In Charlottesville, “we saw Klansmen and white supremacists and neo-Nazis come out in the open, their crazed faces illuminated by torches, veins bulging, and bearing the fangs of racism. Chanting the same anti-Semitic bile heard across Europe in the ’30s. And they were met by a courageous group of Americans, and a violent clash ensued, and a brave young woman lost her life,” Biden said in his announcement video.
The former vice president recalled the most disgraceful statement Trump has ever uttered: There were “some very fine people on both sides.”
“With those words, the president of the United States assigned a moral equivalence between those spreading hate and those with the courage to stand against it,” Biden said. “And in that moment, I knew the threat to this nation was unlike any I had ever seen in my lifetime.”
The contrast with the rest of the field is striking. Virtually without exception, earlier announced Democratic candidates offered opening arguments that conspicuously avoided any direct mention of — or even allusion to — Trump’s moral failings. Biden, on the other hand, said these threaten to “forever and fundamentally alter the character of this nation.”
It may be that the other contenders have overlearned the lessons of Hillary Clinton’s inability to make that argument stick against Trump in 2016. Clinton, however, was a flawed messenger; decades-old questions about her honesty and trustworthiness were inflamed by the controversy surrounding her use of a private email server, which was vastly overplayed in the media. Doubts about Trump were tempered with hope — long since dashed — that he would change once in office.
There is always the possibility that the booming economy over which Trump is presiding will matter more to voters than the fact that he is shattering every norm of governance. Or, more disturbingly, that Americans have simply grown inured to his behavior.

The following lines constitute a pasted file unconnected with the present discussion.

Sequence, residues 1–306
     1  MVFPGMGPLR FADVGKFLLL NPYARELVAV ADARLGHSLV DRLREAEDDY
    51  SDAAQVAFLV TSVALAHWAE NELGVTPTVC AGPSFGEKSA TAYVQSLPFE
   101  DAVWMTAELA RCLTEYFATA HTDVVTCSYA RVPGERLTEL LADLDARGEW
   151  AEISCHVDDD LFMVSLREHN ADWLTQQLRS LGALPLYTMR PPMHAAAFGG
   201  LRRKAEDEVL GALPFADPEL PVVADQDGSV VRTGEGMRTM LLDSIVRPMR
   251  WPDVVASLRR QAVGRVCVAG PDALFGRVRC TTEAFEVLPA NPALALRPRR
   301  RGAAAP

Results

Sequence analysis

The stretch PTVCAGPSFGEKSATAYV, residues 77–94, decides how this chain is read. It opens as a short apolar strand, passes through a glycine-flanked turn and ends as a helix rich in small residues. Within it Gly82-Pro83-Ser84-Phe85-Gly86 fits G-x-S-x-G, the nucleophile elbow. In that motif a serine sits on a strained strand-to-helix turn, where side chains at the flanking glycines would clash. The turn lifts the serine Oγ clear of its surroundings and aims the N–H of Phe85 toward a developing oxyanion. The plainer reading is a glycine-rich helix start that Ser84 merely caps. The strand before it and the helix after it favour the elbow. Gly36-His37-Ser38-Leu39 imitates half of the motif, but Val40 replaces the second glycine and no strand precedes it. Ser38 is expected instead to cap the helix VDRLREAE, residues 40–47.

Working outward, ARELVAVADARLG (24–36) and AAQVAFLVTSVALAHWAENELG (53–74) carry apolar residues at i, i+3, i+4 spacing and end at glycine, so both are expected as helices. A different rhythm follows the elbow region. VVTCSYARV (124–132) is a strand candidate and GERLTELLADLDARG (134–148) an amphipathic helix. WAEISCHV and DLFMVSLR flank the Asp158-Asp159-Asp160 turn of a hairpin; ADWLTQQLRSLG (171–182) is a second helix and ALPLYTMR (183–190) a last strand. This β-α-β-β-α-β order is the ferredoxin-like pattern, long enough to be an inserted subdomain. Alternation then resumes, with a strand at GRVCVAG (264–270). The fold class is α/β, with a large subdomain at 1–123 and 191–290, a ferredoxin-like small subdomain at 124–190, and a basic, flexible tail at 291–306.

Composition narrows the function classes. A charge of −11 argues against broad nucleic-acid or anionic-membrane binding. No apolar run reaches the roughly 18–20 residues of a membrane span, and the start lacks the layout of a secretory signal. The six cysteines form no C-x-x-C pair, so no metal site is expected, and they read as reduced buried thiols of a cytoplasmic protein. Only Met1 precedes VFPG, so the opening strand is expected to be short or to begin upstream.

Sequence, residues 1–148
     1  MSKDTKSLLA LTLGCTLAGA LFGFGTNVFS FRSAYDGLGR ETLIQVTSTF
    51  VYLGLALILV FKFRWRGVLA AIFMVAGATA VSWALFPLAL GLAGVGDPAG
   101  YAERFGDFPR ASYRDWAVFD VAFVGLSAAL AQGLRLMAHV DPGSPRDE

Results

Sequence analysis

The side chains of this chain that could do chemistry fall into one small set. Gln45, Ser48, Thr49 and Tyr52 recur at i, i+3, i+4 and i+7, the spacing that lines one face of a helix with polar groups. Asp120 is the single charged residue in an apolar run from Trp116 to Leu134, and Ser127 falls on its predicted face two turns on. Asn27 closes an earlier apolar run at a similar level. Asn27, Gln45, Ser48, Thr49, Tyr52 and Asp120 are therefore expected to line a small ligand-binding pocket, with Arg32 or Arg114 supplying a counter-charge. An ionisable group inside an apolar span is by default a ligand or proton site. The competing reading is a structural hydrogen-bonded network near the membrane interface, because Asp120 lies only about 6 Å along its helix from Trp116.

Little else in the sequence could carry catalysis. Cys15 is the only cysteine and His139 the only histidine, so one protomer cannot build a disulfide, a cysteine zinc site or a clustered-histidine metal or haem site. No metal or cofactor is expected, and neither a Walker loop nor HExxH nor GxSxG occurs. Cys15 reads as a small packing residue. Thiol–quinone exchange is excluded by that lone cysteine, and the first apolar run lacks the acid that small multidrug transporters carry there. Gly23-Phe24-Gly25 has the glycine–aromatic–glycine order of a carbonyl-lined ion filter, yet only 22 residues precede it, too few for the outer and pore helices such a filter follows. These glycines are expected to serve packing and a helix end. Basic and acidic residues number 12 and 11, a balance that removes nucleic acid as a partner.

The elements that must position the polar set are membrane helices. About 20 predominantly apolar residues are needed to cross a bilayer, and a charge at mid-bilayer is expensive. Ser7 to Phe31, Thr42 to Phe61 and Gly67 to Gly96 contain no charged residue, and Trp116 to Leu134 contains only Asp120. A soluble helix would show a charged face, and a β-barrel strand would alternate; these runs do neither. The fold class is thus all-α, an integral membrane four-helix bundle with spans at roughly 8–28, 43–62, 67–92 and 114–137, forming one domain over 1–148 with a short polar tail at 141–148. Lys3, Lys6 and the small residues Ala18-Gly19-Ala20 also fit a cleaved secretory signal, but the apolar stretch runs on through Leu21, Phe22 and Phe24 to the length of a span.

If so, a Democrat who chooses to focus on character might be shouting into the wind, as GOP nominee Bob Dole did in 1996, when he catalogued the many ethical questions surrounding Bill Clinton’s presidency and cried: “Where’s the outrage?”
But if we gained any new insight from special counsel Robert S. Mueller III’s long-awaited report on the investigation into Russian influence in the 2016 election, it came from the granular, behind-the-scenes look we got at Trump’s crass conduct and wanton lies.
So it may well be that 2020 turns out to be one of those moments when Americans go looking for a corrective.
They turned to moralizing, born-again Jimmy Carter in 1976, after the wrenching experience of Watergate. And in 2000, with memories fresh of a president’s extramarital affair with an intern, Republican nominee George W. Bush promised to “uphold the honor and dignity” of the Oval Office, while his Democratic opponent Al Gore refused to campaign with the man for whom he had served as vice president for eight years.
Though Biden is, by virtue of his name recognition, the front-runner of this crowded field, most senior Democrats I talk to are skeptical that he will make it through the primaries.
Biden is that rare politician who wears his heart on the outside. He has a record unblemished by scandal, and even his missteps — as the recent attention to his unwanted touching of women — are presumed to come from a wellspring of goodwill.
But he lost twice before in his bids for the White House, and he is burdened by vulnerabilities that are as evident as his virtues. He is undisciplined and gaffe-prone. Along with his vast experience comes nearly a half-century of taking actions and positions, particularly on race and gender, that have become apostasies in the modern-day Democratic Party. And he’s a white male in his 70s.
Though his announcement video was pitch-perfect, Biden made the tactically questionable decision to follow it up with a fundraiser with big-dollar donors. His first public event, on Monday, will be a rally with labor union leaders. All of which sounds as though he is running a state-of-the-art campaign — if this were 1988.
Still, in his eloquent rationale for his candidacy, Biden has offered his party something far more significant and enduring than his much-talked-about ability to connect with the older white voters of the upper Midwest who defected to Trump in 2016.
Biden may well indeed be the Democrats’ strongest bet to win back the White House next year. But he may never get that far. And if he doesn’t, whoever wins the nomination could do far worse than to pick up where Biden leaves off.